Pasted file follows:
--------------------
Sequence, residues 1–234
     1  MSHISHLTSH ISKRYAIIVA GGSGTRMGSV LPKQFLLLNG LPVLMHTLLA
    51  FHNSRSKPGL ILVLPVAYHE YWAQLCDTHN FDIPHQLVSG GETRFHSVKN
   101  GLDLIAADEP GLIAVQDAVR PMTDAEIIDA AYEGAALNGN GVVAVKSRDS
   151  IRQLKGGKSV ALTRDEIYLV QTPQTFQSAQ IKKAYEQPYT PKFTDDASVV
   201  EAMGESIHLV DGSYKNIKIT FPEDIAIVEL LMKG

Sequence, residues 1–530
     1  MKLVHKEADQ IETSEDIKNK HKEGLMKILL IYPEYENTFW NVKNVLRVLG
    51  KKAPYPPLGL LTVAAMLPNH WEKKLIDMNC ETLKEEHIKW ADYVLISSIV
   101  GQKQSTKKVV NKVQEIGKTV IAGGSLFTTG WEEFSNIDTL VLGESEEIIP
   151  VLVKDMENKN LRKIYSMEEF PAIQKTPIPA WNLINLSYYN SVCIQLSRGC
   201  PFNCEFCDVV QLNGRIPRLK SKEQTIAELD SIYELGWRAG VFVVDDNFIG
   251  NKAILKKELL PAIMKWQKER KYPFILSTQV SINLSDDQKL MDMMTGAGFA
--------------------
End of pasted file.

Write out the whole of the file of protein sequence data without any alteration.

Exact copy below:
Sequence, residues 1–234
     1  MSHISHLTSH ISKRYAIIVA GGSGTRMGSV LPKQFLLLNG LPVLMHTLLA
    51  FHNSRSKPGL ILVLPVAYHE YWAQLCDTHN FDIPHQLVSG GETRFHSVKN
   101  GLDLIAADEP GLIAVQDAVR PMTDAEIIDA AYEGAALNGN GVVAVKSRDS
   151  IRQLKGGKSV ALTRDEIYLV QTPQTFQSAQ IKKAYEQPYT PKFTDDASVV
   201  EAMGESIHLV DGSYKNIKIT FPEDIAIVEL LMKG

Sequence, residues 1–530
     1  MKLVHKEADQ IETSEDIKNK HKEGLMKILL IYPEYENTFW NVKNVLRVLG
    51  KKAPYPPLGL LTVAAMLPNH WEKKLIDMNC ETLKEEHIKW ADYVLISSIV
   101  GQKQSTKKVV NKVQEIGKTV IAGGSLFTTG WEEFSNIDTL VLGESEEIIP
   151  VLVKDMENKN LRKIYSMEEF PAIQKTPIPA WNLINLSYYN SVCIQLSRGC
   201  PFNCEFCDVV QLNGRIPRLK SKEQTIAELD SIYELGWRAG VFVVDDNFIG
   251  NKAILKKELL PAIMKWQKER KYPFILSTQV SINLSDDQKL MDMMTGAGFA